In an age where sophisticated hackers and cyberespionage groups are aggressively going after specific targets, stealing credentials and sensitive data, passwords may no longer be an effective defence against potential cyberthreats.

Now, Google has come up with an innovative approach to deal with such threats. The tech giant says that it can protect its high-risk users, who are likely to be targeted by cybercriminals, with a physical key that locks down their accounts like never before.

Google's recently-launched Advanced Protection Program requires Google account holders to use security keys – similar to USB or wireless devices – to log in to their accounts. The keys function as a more secure version of two-factor authentication and make use of "public-key cryptography and digital signatures" to authenticate the legitimacy of the account holder.

The additional layer of security provided by the physical keys ensure that malicious hackers are blocked from accessing vulnerable users' accounts, even if they possess the users' passwords.

"This is basically an extremely heavy-duty way of locking down an account," Joseph Lorenzo Hall, the chief technologist for the Center for Democracy and Technology told Wired. "Even for people with very limited technology chops, this is a way for them to have an extremely protected profile."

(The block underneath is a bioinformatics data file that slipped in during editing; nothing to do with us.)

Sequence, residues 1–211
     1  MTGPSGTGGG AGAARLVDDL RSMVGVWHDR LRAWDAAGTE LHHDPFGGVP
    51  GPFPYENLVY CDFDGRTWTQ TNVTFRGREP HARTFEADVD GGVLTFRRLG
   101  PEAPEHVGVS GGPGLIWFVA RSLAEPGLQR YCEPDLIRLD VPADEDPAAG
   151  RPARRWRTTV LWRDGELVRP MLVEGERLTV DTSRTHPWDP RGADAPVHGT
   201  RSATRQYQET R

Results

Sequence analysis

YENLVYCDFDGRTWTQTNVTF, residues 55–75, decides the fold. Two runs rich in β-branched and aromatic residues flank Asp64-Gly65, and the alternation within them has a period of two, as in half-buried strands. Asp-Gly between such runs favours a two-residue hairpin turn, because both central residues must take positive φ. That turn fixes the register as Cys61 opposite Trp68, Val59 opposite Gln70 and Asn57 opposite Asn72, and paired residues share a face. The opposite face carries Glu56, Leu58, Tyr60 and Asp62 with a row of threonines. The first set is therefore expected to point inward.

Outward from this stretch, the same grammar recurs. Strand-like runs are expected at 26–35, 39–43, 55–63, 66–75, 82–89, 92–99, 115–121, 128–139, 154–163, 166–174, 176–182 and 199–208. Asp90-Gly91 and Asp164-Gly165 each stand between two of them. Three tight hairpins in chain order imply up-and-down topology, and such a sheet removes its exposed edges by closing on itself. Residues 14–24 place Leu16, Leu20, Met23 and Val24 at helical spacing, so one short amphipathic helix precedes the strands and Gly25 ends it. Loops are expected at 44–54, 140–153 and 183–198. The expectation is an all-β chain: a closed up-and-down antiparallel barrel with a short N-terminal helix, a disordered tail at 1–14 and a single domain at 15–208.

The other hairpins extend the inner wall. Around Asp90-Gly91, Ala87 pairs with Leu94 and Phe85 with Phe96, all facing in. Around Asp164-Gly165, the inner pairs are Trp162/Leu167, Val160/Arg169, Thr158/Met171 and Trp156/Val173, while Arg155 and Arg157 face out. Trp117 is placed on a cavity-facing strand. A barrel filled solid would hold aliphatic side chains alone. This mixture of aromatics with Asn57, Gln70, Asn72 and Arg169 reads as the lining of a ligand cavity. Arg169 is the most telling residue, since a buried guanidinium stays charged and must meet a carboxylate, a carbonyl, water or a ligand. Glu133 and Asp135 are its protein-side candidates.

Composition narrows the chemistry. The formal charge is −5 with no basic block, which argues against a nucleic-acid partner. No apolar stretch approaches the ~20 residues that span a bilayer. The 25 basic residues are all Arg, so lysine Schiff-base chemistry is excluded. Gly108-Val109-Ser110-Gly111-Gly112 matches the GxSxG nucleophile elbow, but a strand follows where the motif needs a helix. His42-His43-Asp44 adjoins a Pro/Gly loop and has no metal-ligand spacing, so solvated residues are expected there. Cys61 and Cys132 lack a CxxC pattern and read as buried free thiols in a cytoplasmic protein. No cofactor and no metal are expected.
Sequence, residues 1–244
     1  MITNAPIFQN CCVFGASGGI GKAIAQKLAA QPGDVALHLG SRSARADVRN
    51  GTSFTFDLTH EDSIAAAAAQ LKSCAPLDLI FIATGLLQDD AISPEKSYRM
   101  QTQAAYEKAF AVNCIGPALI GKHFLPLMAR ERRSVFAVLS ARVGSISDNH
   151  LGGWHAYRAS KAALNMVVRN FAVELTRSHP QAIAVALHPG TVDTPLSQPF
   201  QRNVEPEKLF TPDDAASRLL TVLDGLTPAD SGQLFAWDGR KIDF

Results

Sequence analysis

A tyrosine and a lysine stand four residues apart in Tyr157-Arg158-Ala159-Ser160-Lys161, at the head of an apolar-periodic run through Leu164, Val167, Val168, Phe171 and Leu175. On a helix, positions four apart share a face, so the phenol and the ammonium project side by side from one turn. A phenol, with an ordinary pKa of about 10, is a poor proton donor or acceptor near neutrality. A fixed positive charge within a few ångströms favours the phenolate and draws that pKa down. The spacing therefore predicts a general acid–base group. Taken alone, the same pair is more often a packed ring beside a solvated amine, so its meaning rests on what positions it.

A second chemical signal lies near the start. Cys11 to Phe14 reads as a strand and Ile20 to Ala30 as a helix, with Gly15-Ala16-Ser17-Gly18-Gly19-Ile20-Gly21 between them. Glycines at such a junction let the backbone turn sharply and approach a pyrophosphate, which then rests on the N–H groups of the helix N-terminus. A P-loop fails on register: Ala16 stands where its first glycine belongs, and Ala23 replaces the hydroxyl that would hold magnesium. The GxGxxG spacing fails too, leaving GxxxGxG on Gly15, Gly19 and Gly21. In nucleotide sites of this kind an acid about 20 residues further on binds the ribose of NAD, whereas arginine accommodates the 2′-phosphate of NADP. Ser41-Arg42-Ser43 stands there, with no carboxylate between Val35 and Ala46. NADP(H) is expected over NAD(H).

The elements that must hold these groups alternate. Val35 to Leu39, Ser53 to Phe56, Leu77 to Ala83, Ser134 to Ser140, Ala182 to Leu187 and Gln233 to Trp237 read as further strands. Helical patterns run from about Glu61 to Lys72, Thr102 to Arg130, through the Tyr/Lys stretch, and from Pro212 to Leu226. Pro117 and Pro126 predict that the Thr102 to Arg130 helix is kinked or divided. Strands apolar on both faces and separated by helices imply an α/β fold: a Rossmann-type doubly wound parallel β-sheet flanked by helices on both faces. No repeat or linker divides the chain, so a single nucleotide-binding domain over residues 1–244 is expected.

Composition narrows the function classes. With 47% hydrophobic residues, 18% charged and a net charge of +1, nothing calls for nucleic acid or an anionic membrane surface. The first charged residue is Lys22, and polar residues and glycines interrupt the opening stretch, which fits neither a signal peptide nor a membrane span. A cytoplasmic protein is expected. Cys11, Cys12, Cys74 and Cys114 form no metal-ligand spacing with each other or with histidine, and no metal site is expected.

How is the physical key different from two-factor authentication?

Although traditional two-factor authentication measures are generally considered to provide enough protection against most attacks, in some cases, they may not be enough. For instance, determined hackers going after specific targets may launch specialised phishing attacks, meant to intercept two-factor codes. Users' phones may also be infected with spy malware, capable of taking screenshots of two-factor codes displayed on the users' screens, ZDNet reported.

In the event of such attacks, generally considered to be orchestrated by state-sponsored hackers, Google's physical key could play a significant role. The keys are also designed to block phishing attacks. They only work on Google pages and accounts can only be accessed via Gmail.com.

In other words, if users are tricked into divulging their account credentials by entering them on a fake phishing site, the keys would ensure that the account is not accessible to anybody else. Attackers would not be able to get into the account, despite having access to the users' credentials.

However, the downside of using the key is that users will no longer be able to access their accounts via third-party platforms. For instance, those using Apple's email apps on iPhone or Microsoft Outlook will no longer be able to log in using the services. Of course, the other aspect of using the physical keys is that users will always have to remember to have them on their person to log in.

Google rolled out advanced protection in the wake of a series of attacks against some of Google's users, including journalists, dissidents and political opponents of the Russian government.

Users interested in beefing up their security can register for Google's Advanced Protection Program. The physical keys – one USB key for desktop that costs $20 and another wireless key for mobile priced at around $25 – have to be purchased by those interested.